Which Side Have You Chosen? A Response to Bruno Latour
by Anna Mikaela Ekstrand
In the early days of the Corona crisis, I strongly felt the intensity of the online art world – viewing rooms, podcasts, article series, and more launching during the first week of quarantine. The most successful initiative engaging both the art world and mainstream audiences in practices of deep looking, but more importantly revising and restaging, was the Getty Challenge with participants across the world recreating artworks.2 Etty Yaniv, an independent publisher, has interviewed over 125 artists on how they are coping during Corona times – some of them are published on my platform Cultbytes.3 The Immigrant Artist Biennial, a project that I am working with, has shifted programming online hosting studio visits on IGLive, and on Zoom, a roundtable on Anti-Asian Racism and an immigration law clinic.4 The online sphere quickly became a place for reflection and communal support but also a more rigorous competition for visibility, one that artists, many who already work with self-promotion to manage their careers, excelled in.
In “What protective measures can you think of so we don’t go back to the pre-crisis production model?”5 Bruno Latour, a French philosopher, anthropologist, and sociologist urges his readers to sacrifice their opinions to rely on descriptions and research to devise systemic solutions to stifle climate change through his call-to-reflect questionnaire. On March 12th I began writing a response to Latour’s text:6 In America, COVID-19 has provided further magnification and broadcast of racial divides, which has been a hot topic with push back against rampant police violence in recent years, but also class divides – which in the seat of capitalism is not regularly a hot topic. Major companies, like Amazon, are experiencing strikes by their workers, unrelated to unions. In times of crisis, the needs of the people are magnified. Latour and I, and many others, anticipated a shift. We just could not put our finger on what it would be.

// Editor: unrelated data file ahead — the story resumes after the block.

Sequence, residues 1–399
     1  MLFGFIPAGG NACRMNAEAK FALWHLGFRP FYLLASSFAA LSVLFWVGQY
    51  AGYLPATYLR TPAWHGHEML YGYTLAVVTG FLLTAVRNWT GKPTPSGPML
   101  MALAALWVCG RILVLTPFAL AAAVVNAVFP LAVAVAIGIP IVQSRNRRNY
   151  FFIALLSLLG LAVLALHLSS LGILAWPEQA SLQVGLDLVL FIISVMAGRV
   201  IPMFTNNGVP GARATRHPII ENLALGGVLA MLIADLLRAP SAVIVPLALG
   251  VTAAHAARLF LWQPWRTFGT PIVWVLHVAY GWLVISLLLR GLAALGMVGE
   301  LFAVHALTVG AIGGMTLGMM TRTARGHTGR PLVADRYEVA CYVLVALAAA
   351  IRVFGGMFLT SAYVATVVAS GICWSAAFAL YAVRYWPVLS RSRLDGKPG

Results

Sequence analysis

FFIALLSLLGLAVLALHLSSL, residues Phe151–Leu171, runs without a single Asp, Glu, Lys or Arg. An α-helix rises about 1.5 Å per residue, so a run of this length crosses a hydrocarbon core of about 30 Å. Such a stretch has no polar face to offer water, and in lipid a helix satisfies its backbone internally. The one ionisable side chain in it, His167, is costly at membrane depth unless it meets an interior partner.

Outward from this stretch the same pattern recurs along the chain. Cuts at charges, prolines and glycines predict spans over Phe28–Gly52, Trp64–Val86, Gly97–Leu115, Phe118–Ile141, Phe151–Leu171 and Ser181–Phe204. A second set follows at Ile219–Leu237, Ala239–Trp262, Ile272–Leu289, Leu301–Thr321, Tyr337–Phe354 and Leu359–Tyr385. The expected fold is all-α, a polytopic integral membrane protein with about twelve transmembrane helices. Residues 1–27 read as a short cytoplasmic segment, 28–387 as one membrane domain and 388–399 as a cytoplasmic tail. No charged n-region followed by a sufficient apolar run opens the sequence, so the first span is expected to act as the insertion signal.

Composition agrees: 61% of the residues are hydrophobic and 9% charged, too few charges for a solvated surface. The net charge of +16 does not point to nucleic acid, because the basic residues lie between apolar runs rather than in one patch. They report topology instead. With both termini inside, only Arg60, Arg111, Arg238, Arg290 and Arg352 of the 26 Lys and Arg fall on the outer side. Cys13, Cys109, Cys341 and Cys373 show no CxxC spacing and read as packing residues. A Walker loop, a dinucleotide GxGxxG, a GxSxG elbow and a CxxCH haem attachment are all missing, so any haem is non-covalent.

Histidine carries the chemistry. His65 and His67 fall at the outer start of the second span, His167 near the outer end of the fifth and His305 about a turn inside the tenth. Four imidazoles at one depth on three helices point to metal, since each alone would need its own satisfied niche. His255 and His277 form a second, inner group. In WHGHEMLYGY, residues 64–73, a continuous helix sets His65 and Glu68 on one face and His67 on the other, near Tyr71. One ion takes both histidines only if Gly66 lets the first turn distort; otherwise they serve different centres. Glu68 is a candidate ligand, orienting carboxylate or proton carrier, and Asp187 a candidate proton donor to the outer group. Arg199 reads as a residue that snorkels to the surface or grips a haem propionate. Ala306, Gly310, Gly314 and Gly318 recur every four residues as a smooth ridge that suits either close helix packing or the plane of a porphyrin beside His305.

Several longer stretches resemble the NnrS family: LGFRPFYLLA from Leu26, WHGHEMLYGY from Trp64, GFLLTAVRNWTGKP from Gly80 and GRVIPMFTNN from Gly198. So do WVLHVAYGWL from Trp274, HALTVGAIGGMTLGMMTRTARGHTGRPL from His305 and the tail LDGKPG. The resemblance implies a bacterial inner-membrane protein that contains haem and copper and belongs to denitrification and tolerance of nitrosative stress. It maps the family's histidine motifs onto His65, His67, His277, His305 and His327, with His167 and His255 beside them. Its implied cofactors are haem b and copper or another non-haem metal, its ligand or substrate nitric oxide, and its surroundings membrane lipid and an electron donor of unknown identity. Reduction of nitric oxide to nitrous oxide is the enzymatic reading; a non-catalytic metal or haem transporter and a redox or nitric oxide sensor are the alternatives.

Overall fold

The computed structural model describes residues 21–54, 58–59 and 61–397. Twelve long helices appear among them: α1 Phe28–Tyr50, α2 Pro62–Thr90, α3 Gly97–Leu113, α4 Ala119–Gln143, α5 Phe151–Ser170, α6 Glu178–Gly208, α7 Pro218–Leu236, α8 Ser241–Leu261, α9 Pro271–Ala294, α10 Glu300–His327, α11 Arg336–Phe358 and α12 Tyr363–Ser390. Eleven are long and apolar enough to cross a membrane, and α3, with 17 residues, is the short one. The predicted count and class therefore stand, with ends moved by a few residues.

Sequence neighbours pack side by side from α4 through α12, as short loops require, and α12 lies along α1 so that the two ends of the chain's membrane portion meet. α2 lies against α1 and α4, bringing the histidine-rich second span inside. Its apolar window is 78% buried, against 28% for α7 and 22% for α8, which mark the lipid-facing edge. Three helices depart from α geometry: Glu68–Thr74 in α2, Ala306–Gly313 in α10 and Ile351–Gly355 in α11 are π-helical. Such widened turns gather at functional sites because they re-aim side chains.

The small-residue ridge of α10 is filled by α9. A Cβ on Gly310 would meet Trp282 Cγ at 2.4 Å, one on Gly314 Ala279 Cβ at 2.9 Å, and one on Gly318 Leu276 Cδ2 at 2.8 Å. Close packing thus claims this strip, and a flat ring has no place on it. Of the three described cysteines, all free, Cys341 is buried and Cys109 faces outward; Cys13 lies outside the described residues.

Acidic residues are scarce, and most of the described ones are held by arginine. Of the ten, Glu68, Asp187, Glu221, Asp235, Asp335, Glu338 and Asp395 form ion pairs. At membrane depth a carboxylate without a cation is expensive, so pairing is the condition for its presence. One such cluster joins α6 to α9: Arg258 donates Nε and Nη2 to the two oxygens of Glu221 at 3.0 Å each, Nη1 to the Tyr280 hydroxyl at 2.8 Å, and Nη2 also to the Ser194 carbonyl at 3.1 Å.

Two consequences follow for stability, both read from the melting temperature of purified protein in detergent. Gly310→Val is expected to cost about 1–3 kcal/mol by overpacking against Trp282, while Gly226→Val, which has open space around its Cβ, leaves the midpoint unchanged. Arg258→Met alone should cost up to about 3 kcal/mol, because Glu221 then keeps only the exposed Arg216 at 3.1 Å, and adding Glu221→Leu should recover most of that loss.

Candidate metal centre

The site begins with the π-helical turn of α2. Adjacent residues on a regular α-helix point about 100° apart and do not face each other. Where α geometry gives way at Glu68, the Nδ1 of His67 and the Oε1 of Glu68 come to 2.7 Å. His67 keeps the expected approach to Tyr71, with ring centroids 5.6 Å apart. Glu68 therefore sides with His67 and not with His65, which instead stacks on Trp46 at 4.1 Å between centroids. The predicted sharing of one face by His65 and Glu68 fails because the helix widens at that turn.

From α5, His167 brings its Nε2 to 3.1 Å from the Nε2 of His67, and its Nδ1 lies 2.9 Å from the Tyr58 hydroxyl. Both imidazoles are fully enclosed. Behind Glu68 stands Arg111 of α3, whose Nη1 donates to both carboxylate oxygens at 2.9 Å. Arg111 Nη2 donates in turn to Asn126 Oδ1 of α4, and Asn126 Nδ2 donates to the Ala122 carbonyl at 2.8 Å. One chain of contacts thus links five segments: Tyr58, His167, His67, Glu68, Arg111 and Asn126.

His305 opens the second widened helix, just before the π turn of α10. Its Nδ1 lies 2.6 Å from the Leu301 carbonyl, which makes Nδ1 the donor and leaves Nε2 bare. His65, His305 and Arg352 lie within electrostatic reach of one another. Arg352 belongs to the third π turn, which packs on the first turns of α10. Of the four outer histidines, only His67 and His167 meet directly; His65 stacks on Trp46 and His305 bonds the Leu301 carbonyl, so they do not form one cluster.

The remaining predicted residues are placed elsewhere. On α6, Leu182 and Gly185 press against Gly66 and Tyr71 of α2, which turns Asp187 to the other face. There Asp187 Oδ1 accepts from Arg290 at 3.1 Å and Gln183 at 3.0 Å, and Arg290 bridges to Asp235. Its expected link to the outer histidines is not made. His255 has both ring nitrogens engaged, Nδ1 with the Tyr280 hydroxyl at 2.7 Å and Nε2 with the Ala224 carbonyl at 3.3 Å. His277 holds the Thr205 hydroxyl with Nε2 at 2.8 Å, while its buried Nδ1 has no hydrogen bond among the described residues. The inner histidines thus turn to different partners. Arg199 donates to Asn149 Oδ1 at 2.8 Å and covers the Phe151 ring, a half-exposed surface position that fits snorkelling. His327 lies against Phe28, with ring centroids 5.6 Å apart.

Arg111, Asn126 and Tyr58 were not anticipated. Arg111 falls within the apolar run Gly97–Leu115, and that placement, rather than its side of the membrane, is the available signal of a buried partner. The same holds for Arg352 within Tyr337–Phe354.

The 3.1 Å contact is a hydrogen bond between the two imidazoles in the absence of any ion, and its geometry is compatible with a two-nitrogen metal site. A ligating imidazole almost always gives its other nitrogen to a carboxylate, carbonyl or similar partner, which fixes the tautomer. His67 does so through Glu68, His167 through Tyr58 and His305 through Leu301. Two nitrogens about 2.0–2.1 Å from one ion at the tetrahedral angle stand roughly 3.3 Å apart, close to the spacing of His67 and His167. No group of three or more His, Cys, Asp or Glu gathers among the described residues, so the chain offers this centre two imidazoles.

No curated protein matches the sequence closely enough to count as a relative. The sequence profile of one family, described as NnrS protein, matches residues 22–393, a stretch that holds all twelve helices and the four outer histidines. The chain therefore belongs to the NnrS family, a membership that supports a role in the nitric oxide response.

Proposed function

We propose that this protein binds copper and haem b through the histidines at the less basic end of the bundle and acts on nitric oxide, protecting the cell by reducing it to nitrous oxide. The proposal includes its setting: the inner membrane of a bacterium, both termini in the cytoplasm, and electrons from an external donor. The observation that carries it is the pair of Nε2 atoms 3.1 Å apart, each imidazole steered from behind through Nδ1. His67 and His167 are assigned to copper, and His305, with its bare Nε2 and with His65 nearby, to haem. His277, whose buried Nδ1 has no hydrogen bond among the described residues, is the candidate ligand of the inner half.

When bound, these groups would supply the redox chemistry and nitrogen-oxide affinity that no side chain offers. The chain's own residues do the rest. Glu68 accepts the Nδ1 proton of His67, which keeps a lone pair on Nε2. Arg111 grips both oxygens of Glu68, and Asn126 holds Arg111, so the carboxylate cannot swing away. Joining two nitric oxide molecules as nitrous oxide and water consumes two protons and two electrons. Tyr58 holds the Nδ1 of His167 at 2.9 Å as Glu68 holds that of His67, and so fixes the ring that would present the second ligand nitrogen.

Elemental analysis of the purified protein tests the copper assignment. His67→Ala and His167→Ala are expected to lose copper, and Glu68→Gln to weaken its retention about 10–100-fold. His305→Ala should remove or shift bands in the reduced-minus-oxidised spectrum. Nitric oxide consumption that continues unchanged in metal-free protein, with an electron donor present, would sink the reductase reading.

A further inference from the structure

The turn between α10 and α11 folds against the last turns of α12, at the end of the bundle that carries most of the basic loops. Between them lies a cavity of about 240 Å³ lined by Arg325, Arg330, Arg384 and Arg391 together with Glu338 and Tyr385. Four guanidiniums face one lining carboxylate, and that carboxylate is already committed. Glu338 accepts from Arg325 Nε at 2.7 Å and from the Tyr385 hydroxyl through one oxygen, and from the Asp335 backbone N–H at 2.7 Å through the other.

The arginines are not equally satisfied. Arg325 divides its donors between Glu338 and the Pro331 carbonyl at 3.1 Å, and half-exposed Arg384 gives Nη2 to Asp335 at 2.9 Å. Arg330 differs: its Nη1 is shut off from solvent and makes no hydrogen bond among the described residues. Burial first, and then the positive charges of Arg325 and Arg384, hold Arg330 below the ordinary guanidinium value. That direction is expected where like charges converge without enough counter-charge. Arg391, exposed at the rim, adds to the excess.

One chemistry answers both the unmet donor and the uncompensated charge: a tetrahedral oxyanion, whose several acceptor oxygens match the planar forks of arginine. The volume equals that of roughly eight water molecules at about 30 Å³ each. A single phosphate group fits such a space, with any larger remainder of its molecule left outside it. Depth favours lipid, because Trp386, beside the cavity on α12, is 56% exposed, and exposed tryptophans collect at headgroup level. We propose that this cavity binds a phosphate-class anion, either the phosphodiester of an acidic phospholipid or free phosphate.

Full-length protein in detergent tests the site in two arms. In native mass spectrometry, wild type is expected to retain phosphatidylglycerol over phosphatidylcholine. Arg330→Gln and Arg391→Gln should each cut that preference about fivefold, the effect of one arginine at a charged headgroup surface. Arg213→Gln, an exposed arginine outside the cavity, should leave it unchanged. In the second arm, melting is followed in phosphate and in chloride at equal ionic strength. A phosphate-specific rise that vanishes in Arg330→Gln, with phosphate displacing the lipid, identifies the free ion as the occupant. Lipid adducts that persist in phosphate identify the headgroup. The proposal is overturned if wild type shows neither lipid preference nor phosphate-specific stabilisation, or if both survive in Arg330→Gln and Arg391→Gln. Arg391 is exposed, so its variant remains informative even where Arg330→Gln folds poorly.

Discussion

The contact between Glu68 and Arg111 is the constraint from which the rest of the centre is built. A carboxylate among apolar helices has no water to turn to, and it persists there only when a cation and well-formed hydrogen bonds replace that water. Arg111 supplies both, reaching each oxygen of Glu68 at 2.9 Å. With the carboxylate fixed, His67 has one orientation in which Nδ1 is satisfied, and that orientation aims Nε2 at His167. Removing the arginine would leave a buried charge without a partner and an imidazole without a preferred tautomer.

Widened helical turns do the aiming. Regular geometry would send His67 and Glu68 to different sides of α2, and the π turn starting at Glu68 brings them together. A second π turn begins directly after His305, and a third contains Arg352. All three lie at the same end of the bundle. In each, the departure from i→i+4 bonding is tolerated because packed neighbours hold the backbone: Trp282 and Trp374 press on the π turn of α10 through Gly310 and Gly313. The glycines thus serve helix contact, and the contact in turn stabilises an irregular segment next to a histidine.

Before the four now ex-police officers, Derek Chauvin, Tou Thao, Thomas Lane, and J. Alexander Keung, brutally murdered George Floyd by restraining him, preventing onlookers from intervening, and, the former, pressing a knee on Floyd’s neck for 8 minutes and 46 seconds during which time he called-out for his mother and uttered the words “I can’t breath.”7 Before the arrests of Gregory and Travis McMichael’s some two months after they fatally shot Ahmaud Arbery, a black man out for a jog. Before these events that would trigger yet another wave of protests against state sanctioned violence against people of color many of us busied ourselves with increased levels of self-care, care for others, and issues of personal finance, while in confinement. Countrywide stay-at-home orders provoked an increased reliance and engagement with government entities, local and state politicians, healthcare providers, or within the American context, insurance providers (or a distancing from them as it were to not override hospitals), Department of Health (for information), and the Department of Labor (to register unemployment) also made these entities more visible in our everyday life. Little did we know that this work would prepare us and offer us tools to carry out the revolution.
In America, the Black Lives Matter movement has urged citizens to look beyond their own experiences to see facts; there is rampant systemic racism that violates black people in this country every day. Activist groups, protestors, influencers, democrats and republicans, politicians – basically people of all races and walks of life, many who normally would not have the time or interest, are all chiming in in solidarity for change. In the art world, influencers, galleries, institutions and the media are highlighting black artists, and some have quickly created grants and financial support for arts education for black people. Anti-racist resources are being widely shared to help institutions shift away from tokenizing to truly become more inclusive.8
Latour’s first question is ‘What are some suspended activities that you would like to see not coming back?’ In solidarity with the Black Lives Matter movement, my answer is: The Police. His second question is why? My answer is: Shifting funding from the police, a racially biased and broken system and the industrial prison complex to education, housing, healthcare and community engagement would help the black population, POC, LGBT community – groups that endure frequent policing aka systemic harassment, murder, and disenfranchising through mass incarceration. Dismantle lobby groups like ALEC that support and are largely funded by companies that profit from mass incarceration. Re-integrate ex-convicts into society by allowing convicts to start and complete degrees and work for minimum wage when they are incarcerated. Create a probation system that supports instead of restrains, and give ex-cons their democratic rights back, the right to vote.